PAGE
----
There’s a good possibility that the dispatchers we deal with today are a big part of the problem in the trucking industry. Many of the dispatchers employed today don’t know the business, lie about expectations, and offer very little assistance to the drivers.
And if you’ve ever dealt with a bad one, you can understand exactly why they’re running truckers out of the business.
Common Lies Dispatchers Tell Truckers
Unfortunately, it’s become a common practice for dispatchers to lie to their truckers. Sometimes it’s unintentional because they don’t understand the business. And sometimes it’s because they’re simply passing on information their bosses told them to.
But a lot of times they’re just trying to get the drivers to do things they don’t want to do themselves. And in most of these cases, the truckers are not getting paid to do these extra tasks. This obviously makes us reluctant to perform them!
Among these lies, here are the most common:
- “We’ll have the load ready for you just as soon as you’re empty.”
- “No, you’ll never need to hand bomb any freight at this company.”
- “No, we don’t run the Eastern Seaboard lane at this company. “ (Unless of course we find a good paying load there, then you ARE going!)
- “Call back in an hour and your load will be ready.”
- “We pay the absolute best mileage rate in the industry.”
- “You won’t need to wait to unload this load. Just back right in and the receiver will unload your trailer right away.”
- “If there’s a problem call, we’re a 24/7 operation.”
- “It’s first in, first out dispatch, here. We don’t play favourites. “(But just in case you’re interested, I like scotch)
- “We never run overweight… always legal.”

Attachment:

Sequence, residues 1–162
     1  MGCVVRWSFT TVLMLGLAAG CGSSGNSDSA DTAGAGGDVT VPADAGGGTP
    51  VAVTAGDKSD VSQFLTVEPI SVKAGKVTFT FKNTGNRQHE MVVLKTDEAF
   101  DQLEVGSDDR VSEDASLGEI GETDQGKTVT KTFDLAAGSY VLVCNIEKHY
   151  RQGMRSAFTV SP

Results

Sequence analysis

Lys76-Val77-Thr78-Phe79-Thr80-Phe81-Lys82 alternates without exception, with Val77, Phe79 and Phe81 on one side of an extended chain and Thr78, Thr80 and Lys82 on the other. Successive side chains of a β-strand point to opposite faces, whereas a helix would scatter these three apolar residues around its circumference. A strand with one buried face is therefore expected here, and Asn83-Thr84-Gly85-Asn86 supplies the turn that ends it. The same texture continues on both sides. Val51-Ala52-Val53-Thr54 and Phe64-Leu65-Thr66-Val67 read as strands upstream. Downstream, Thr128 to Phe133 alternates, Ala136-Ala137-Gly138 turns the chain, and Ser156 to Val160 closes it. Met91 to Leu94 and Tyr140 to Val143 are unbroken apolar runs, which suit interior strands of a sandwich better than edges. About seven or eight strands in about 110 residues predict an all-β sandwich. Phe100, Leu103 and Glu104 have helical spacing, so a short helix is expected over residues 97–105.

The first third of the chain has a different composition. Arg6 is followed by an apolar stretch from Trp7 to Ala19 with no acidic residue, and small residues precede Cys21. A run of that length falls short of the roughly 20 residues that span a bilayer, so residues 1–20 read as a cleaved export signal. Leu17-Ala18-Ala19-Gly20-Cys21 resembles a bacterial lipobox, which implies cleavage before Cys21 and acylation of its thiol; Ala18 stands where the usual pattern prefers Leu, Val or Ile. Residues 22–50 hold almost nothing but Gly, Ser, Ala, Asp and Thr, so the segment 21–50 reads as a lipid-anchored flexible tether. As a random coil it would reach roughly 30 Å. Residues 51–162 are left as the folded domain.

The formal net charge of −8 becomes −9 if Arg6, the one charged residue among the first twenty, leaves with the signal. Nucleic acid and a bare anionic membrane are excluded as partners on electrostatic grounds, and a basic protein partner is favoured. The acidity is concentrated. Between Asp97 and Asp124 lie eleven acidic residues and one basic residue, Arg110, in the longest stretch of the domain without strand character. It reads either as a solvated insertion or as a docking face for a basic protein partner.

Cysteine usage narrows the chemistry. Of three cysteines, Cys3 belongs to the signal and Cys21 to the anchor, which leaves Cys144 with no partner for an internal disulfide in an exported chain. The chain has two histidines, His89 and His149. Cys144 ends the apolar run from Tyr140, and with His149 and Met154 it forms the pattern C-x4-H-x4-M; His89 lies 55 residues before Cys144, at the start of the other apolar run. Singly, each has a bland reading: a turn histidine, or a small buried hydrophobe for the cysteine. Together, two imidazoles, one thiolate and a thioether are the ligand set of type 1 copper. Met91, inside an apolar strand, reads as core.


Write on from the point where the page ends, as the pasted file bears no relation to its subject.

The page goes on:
- “You’ll have plenty of time to make that delivery schedule. “(As long as you don’t need to eat or sleep!)
- “Sure, we’ll make sure you’re home for the weekend.”
- “We’ll have a good load waiting for you when you get back.” (As long as you’ve remembered that bottle of Scotch)
- “No, that’s not a bad part of town. We’ve NEVER had any trouble going in there to unload at night.”
- “The customer is hot for this load. You gotta run. You’ve got to deliver ASAP! “(How many times have you rushed your butt off, only to arrive at your destination, and the receiver knows nothing about the load?)
- “That’s only 200 miles on the map “(as the crow flies).
- “There are no low bridges around there.”
- “Any time you’ve got a problem, come on in. We’ve got an open door policy. We’re just like one big happy family here.” ( Yep, open door policy…. come on in and we’ll fire your butt!)
How Dispatchers Have Changed
In the past, dispatchers were mostly ex-truckers who had retired from the road for one reason or another. Because they had driven professionally themselves, they understood the importance of the concept “mileage = money.”
They understood the things that prevented truckers from getting those much-needed miles and had reasonable expectations. A seasoned and knowledgeable dispatcher was more than just another voice truckers dealt with. He was also often a mentor to the younger, less-experienced drivers.
Today’s dispatchers, on the other hand, are much different than they were 30 years ago. And they seem to be causing a huge disconnect between the trucking companies and their drivers.